Schrader will be one hand for the event, along with the recently added guest of Cage. There will also be a 40th anniversary screening of “Taxi Driver.” The Cinematheque will also be holding its own retrospective series on Schrader at the Aero Theatre.

“Big Trouble In Little China”

Oct. 5

In another of the marquee events of this year’s Beyond Fest, star Kurt Russell will appear after a 35 mm screening of 1986’s “Big Trouble in Little China,”  which will be moderated by “Guardians of the Galaxy” director James Gunn. “Big Trouble,” in which Russell plays a truck driver caught up in a world of sorcery and ancient curses, has become one of the most beloved titles from director John Carpenter

“The Bad Batch”

Oct. 7

Ana Lily Amirpour has fast emerged as one of the most original voices in contemporary genre filmmaking, with her impish attitude toward storytelling. Following up her debut, the vampire western “A Girl Walks Home Alone at Night,” Amirpour has doubled-down on the weirdness with “The Bad Batch.” In a society where undesirables are ejected to a desert wasteland, a young woman (Suki Waterhouse) finds herself struggling to survive, caught between a clan of cannibals lead by the brawny Miami Man (Jason Momoa) and a utopian sex cult overseen by the skeevy the Dream (Keanu Reeves.)  Amirpour is scheduled to appear in person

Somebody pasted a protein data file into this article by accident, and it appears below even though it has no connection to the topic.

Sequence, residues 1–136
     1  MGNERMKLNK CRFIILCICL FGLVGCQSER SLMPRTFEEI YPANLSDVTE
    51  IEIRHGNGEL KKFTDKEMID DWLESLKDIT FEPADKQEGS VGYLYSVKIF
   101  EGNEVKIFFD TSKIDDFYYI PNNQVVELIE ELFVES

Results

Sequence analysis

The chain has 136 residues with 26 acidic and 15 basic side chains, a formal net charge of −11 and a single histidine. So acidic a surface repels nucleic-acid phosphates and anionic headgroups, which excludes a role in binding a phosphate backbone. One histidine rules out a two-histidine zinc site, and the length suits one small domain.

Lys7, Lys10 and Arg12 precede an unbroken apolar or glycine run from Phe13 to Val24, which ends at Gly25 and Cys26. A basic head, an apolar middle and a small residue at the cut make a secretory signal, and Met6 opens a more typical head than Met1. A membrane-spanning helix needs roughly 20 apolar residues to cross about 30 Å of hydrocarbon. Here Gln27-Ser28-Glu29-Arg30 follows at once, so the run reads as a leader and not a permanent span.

“In a Valley of Violence”

Oct. 6

Filmmaker Ti West became known for his horror excursions with “The House of the Devil” and “The Innkeepers,” and now turns to a traditional western with his new “In a Valley of Violence.” In the film, a drifter (Ethan Hawke) traveling with his dog runs afoul of a small town lawman (John Travolta). West is scheduled to appear along with cast members Karen Gillan, Taissa Farmiga, Toby Huss and James Ransone.

“Raw”

Oct. 8

After first premiering at the Cannes Film Festival earlier in the year, “Raw” really turned heads when it played the Midnight Madness section of the Toronto International Film Festival. And turned a few stomachs too, with reports of multiple audience members passing out. The debut from French filmmaker Julia Ducournau, the film is a cannibal-themed female coming-of-age story that Variety referred to as  “ ‘Suspiria’ meets ‘Ginger Snaps,’ ” a pair of comparisons to whet the appetite of any genre film fan.

RZA live from ‘The 36th  Chamber of Shaolin’

Oct. 10

It is well known that RZA, founder of the influential hip-hop group Wu-Tang Clan, is a rabid fan and deep student of martial arts movies, and this event finds him rescoring the 1979 classic “The 36th Chamber of Shaolin” live. Whether you have seen the movie 36 times or are coming to it fresh, this is a unique treat for local hip-hip heads and martial arts cinema fans alike.

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Mark.Olsen@latimes.com